Weixia Gu, Professor at the Faculty of Law at Hong Kong University, has written an original and ambitious new monograph about civil justice reform in China that is both breathtaking in scope yet also methodically organized around a core set of important questions. Gu draws masterfully on a deep knowledge of Chinese law and society, expertise in a diverse set of dispute-resolution systems, and little-known empirical data to weave together a compelling narrative about the path of reform in one of the most dynamic but also poorly understood countries in the world. It is a fascinating read for anyone interested in the relationship among dispute-resolution institutions and processes, law and development, and the rule of law.
The book is divided into four parts. The first part sets the stage for an in-depth look at civil dispute resolution in China (especially the Chinese courts) and the complex social dynamics that have helped shape it. Parts II and III form the heart of the book, providing a deep dive into six key dispute-resolution systems. Part II devotes one chapter each to three pillars of dispute resolution: civil litigation, arbitration, and mediation. The chapters all proceed by (1) examining empirical evidence to assess how each process has been used in the most recent decade in China; (2) describing the relevant regulatory framework for each process; (3) drawing out legislative and institutional reform patterns (e.g. whether reforms proceed primarily from the top down or bottom up, and what are the political, economic, and social factors that influence reform); and (4) proposing improvements and charting out potential challenges. By using a consistent format for each chapter, the author helps facilitate comparative analysis across all three processes. Part III examines interactions among the three pillars covered in Part II: judicial mediation (a cross-interaction between civil litigation and mediation), judicial enforcement of arbitration (a cross-interaction between civil litigation and arbitration), and med-arb (a cross-interaction between arbitration and mediation). The same four lines of inquiry are pursued with respect to each hybrid process—again, in a format that helps draw out comparative insights. Part IV concludes by offering a helpful comparative perspective on dispute-resolution reform in China.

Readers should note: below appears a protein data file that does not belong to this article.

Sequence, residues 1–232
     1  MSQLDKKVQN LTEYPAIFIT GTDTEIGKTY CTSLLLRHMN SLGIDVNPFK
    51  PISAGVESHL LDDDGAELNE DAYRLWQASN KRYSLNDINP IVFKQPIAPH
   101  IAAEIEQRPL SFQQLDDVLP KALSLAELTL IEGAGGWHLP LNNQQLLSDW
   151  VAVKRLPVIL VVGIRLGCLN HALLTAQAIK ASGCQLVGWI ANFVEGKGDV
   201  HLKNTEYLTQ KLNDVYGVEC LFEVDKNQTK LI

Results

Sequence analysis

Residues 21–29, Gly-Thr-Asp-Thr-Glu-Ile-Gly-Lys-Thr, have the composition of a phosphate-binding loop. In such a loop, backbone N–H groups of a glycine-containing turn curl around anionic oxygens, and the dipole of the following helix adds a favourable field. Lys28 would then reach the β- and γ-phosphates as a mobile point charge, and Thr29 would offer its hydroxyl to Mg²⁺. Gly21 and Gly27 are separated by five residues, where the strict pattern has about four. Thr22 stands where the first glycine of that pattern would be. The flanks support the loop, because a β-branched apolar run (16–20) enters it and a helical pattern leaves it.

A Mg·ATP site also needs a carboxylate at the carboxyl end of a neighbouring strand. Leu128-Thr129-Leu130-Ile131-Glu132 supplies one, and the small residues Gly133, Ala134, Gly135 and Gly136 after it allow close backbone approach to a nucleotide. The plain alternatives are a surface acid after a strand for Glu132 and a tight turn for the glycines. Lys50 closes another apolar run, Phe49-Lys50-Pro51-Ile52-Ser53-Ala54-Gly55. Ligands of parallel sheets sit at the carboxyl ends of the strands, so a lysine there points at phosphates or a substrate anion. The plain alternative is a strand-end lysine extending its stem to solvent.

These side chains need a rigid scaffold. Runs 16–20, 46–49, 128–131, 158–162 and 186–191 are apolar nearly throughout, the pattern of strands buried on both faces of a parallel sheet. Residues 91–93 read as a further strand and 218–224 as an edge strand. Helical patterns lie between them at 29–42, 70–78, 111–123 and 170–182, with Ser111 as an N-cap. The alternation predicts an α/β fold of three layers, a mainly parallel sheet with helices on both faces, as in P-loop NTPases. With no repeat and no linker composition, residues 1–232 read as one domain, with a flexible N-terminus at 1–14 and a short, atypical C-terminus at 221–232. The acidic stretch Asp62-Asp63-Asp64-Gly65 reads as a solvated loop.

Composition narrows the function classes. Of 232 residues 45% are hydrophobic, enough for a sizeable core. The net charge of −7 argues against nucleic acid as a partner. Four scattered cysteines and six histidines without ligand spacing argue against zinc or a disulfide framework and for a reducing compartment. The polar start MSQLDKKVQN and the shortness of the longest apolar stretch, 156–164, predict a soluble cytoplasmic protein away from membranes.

One of the main research questions posed is whether top-down law-making and other efforts to formalize a given process have led to an increase in the use of the process in China. After a close look at the empirical data, Gu largely concludes that they have. For example, amendments to the Civil Procedure Law (in 2012 and 2017) to provide for public interest litigation led to an overall increase in both environmental and consumer cases. Likewise, the enactment of the Arbitration Law in 1994 led to a proliferation of Chinese arbitration Commissions and a significant increase in the cases handled by them. The exception, however, is mediation. Here, Gu concludes that the People’s Mediation Law of 2010 did not produce a significant growth in cases handled by the people’s mediation system and actually coincided with a decrease in the total number of people’s mediation committees.